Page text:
According to the Mayo Clinic, it is unnecessary to receive the vaccine if you have already been vaccinated, if you have had blood tests proving immunity to measles, or if you are a man born before 1957 or a woman born before 1957 who is no longer planning on having children.  The vaccine is not recommended for pregnant or soon to be pregnant women, or for people who have a serious allergy to gelatine or the antibiotic neomycin.  If you have yet to become vaccinated for measles and are a woman, who is not pregnant and of childbearing age, attend a school, or work in a related education or medical facility or plan on travelling, it is recommended that you become vaccinated.  Finally, it is always important that before making any decisions about whether you should or should not be vaccinated for measles that you contact a certified and licensed health care professional such as your family doctor.

The vaccine does have some side effects that can potentially, though extremely rarely occur. These side effects may include a fever within two weeks of receiving the vaccination, and some people may experience a mild rash that occurs.  An allergic reaction to the vaccine is extremely rare, and on the whole the MMR vaccine is considered to be very safe for use.

Treating Measles

Given that measles is caused by a virus there is no means of effectively treating a measles infection.  Should you have contracted measles and are prescribed any medications, the purpose of these medications is not to treat the measles, but rather, to bring the symptoms associated with measles under control in order to make the disease less troublesome.  Measles can be very serious for those with weakened immune systems and may require the injection of antibodies in order to help the body fight off the disease.  Antibiotics are generally only prescribed for individuals who have measles if there is a bacterial infection that is opportunistically caused either as a result of the symptoms of measles or as a result of having a weakened immune system.  Other possible treatments for the symptoms include over the counter analgesics or other forms of anti-inflammatory pharmaceuticals to deal with the fever.  One social aspect of the treatment of measles is that those individuals who are infected should be isolated from others.  The main reason for this is that measles is a very contagious disease and in order to prevent its spread to nonimmunized people everything that is necessary should be done in order to ensure that those who are infected do not come into contact with anyone who is nonimmunized as they risk spreading the disease.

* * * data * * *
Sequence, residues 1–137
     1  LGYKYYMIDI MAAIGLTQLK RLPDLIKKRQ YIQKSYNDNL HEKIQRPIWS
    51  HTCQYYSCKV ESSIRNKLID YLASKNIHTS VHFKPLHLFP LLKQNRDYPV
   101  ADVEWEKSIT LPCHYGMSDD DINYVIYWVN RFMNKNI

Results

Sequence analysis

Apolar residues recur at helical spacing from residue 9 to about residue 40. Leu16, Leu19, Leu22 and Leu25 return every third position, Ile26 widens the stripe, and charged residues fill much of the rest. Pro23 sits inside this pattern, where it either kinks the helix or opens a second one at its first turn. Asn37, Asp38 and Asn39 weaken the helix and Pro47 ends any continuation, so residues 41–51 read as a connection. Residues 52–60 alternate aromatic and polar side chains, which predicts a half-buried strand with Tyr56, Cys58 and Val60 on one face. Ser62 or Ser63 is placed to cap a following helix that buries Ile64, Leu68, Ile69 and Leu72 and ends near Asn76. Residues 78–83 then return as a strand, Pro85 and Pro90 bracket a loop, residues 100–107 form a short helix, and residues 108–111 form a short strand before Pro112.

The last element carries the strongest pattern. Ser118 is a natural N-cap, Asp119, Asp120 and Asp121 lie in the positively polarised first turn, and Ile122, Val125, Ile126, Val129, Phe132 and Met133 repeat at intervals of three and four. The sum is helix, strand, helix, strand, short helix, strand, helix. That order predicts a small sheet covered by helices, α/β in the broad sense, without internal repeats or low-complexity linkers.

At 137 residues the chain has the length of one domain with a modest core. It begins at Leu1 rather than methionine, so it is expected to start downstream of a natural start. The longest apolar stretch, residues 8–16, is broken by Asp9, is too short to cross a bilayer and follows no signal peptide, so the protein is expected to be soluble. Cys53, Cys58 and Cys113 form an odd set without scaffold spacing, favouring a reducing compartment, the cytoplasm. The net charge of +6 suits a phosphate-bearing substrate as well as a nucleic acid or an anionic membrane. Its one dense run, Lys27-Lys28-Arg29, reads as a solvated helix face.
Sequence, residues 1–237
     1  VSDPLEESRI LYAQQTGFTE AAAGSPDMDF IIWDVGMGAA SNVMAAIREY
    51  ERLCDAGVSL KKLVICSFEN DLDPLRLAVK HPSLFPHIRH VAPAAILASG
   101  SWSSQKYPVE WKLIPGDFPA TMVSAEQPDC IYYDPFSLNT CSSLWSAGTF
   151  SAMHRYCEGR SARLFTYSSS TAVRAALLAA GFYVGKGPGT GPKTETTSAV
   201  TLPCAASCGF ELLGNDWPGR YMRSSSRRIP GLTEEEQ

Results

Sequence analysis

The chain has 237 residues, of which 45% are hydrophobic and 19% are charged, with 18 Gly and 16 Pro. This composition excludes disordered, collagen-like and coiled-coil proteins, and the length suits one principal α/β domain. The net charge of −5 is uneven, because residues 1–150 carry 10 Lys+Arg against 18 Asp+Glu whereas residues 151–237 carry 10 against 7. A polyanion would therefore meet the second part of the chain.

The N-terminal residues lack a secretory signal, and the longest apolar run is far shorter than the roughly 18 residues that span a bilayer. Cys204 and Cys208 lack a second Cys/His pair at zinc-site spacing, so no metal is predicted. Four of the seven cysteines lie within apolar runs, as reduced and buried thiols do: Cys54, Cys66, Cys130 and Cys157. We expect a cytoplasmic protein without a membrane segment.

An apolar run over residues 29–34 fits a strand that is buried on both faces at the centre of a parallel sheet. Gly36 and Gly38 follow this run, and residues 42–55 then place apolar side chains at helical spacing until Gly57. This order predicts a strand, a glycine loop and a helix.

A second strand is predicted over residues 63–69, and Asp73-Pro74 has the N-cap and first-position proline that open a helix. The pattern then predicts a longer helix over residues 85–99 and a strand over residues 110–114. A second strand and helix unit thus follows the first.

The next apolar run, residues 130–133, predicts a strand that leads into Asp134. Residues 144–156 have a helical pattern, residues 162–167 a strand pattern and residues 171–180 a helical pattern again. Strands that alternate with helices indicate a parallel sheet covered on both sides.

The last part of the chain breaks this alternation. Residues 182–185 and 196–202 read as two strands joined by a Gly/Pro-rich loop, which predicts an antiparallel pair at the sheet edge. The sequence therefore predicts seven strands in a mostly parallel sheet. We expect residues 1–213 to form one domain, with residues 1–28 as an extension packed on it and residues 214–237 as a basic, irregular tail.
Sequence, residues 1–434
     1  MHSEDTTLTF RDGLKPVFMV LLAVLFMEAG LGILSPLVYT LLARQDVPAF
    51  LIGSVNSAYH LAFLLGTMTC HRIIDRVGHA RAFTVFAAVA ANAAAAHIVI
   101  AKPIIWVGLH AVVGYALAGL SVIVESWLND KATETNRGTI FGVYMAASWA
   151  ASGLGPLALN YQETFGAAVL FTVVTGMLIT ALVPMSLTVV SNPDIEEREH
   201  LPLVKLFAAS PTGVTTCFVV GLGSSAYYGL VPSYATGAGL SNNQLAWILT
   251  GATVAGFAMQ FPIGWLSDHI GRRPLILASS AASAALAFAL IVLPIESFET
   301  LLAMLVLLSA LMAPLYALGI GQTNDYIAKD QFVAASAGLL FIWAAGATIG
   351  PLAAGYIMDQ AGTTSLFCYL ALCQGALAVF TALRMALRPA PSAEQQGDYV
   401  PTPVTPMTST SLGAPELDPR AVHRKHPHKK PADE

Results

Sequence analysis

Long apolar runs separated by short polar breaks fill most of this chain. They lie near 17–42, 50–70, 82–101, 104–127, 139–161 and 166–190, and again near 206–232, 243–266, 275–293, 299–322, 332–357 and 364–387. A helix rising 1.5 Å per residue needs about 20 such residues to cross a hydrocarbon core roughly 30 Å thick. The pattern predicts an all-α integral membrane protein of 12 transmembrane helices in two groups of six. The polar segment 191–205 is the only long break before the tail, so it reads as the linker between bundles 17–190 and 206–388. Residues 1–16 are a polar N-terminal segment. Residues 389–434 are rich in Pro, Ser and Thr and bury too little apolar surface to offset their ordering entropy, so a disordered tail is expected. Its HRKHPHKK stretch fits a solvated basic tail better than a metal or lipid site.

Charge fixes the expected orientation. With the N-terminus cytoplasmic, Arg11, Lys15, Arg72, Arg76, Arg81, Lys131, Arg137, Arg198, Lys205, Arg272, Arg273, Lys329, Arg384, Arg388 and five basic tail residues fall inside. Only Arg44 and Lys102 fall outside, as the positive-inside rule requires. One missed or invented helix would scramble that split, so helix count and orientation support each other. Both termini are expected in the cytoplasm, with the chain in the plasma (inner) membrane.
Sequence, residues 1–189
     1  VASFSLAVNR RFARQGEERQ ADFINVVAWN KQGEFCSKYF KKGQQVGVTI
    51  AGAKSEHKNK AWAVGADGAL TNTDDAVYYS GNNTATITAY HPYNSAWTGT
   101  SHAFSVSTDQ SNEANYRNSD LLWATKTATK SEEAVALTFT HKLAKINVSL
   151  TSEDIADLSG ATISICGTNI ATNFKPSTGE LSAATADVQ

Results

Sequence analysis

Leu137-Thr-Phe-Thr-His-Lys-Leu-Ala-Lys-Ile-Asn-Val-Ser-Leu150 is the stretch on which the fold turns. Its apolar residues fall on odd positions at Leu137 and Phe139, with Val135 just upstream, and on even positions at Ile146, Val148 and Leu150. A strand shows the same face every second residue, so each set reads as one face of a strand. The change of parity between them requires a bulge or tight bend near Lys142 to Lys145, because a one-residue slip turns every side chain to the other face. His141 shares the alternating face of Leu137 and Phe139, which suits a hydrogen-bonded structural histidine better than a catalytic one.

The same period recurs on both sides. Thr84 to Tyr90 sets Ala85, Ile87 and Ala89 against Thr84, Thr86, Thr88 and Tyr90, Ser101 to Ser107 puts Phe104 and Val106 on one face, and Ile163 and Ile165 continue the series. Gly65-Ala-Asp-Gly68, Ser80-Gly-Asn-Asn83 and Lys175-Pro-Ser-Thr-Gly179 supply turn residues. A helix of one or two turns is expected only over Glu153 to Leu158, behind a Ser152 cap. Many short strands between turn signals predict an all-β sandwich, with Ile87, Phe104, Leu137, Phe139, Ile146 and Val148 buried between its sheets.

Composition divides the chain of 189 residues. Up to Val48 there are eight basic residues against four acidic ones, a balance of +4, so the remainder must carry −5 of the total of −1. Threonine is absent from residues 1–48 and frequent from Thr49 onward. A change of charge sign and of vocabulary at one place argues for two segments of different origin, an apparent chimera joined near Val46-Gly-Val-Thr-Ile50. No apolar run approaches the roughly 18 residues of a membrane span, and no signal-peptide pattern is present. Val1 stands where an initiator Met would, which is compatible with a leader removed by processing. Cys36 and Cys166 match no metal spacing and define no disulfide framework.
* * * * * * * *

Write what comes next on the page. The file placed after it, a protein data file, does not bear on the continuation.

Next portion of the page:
The course of the disease as it progresses is that there is a fever with associate symptoms followed by the appearance of Koplik’s spots, which confirm that the infection is indeed measles.  Afterwards the rash appears, starting on the face and spreading down the body, disappearing after approximately one week.